preparing a horse for spell

Discussion in 'Horse Management' started by courtney&coco, Nov 30, 2007.

  1. courtney&coco

    courtney&coco Well-known Member

    Hey guys

    Just wondering what measures/precautions should be taken when preparing a horse to go out on spell. Obviously teeth done, shoes off, etc.

    Do you need to wean them off hard feed or can you put them out on 24/7 pasture straight away?

    What would be expected in the way of condition increase/decrease?

    Do you give them a canvas over winter / fly viel in summer or let nature take its course?

    If anyone has any stories or advice go for it :)

    Cheers
    Courtney, Coco & little Dusk
     
  2. Horsetalk

    Horsetalk Well-known Member

    It all depends of the paddock and the horse I guess. Flyveil would be good, but has to be taken off at night. :)
     
  3. Antyk

    Antyk Well-known Member

    If you put them straight to pasture 24/7 you may end up with the runs if the horse is not used to it, the best way to combat this is to make sure they have access to hay as well and they will pick and choose what they need at the time.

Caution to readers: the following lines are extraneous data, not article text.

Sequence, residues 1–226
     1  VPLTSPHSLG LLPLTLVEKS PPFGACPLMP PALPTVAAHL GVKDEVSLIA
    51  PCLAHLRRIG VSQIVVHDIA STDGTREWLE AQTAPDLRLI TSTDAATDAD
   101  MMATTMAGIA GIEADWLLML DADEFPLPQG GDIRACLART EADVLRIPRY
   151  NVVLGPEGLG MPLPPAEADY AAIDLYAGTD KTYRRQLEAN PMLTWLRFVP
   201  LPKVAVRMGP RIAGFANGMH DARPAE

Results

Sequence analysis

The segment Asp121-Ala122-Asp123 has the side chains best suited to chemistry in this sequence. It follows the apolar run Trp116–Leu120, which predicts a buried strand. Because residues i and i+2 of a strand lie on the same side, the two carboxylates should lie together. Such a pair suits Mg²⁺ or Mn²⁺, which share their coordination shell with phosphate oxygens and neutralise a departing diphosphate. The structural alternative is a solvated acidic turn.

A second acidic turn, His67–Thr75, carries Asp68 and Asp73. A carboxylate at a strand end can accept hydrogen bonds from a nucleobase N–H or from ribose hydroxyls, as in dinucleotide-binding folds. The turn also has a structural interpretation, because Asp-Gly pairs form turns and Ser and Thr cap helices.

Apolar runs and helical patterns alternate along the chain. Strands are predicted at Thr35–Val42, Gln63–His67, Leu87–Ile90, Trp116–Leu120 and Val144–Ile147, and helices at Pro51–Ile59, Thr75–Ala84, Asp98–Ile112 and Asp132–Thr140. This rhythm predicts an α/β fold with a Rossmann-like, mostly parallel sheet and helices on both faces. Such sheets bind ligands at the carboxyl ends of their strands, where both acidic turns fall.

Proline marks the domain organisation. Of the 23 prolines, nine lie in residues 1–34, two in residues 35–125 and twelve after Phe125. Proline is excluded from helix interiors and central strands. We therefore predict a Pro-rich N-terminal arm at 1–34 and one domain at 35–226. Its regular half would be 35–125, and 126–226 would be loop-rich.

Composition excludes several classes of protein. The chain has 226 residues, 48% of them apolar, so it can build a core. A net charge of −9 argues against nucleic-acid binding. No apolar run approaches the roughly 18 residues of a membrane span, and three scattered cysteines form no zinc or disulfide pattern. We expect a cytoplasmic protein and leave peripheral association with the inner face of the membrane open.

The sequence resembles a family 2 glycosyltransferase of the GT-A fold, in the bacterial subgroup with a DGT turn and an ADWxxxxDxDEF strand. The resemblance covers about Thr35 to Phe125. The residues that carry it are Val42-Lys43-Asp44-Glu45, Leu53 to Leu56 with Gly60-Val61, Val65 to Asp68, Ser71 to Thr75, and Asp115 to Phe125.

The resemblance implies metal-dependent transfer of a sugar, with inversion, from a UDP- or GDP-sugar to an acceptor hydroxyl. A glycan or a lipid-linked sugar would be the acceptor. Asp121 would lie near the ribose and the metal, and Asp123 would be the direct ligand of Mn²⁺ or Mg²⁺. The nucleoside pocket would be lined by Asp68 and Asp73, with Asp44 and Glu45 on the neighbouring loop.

If you are sending the horse out to someone for a spell then you should expect that they loose no condition maybe just muscle tone and fitness but they should still look good and healthy. The option for muscle tone and fitness is to send them to a paddock which slightly undulating so they still get their exercise.

    Also the person where you are spelling the horse should still be checking the horse everyday if not twice a day, putting fly veils on which I consider important, and if you want rugging done do that to, rugging for me would depend on the temperature at the time, our horses are all in big paddocks, they run naked during the day and have cottons at night due to the coolness in the air. If your horse is used to hot temps and you send it somewhere down south for a spell I would use a light rug at night at least till summer comes on a bit more.
     
  4. CJR

    CJR Well-known Member

    C&C I posted a thread similar about 6 months ago and got some good advice, I have had Dusty on spell now for 3 months..

    Before sending him out I had feet done, cut down his hard feed over a period of 3 weeks (he was having 2 HF a day and hay) I cut it down to hay only 4 days before turning him out and also wormed him.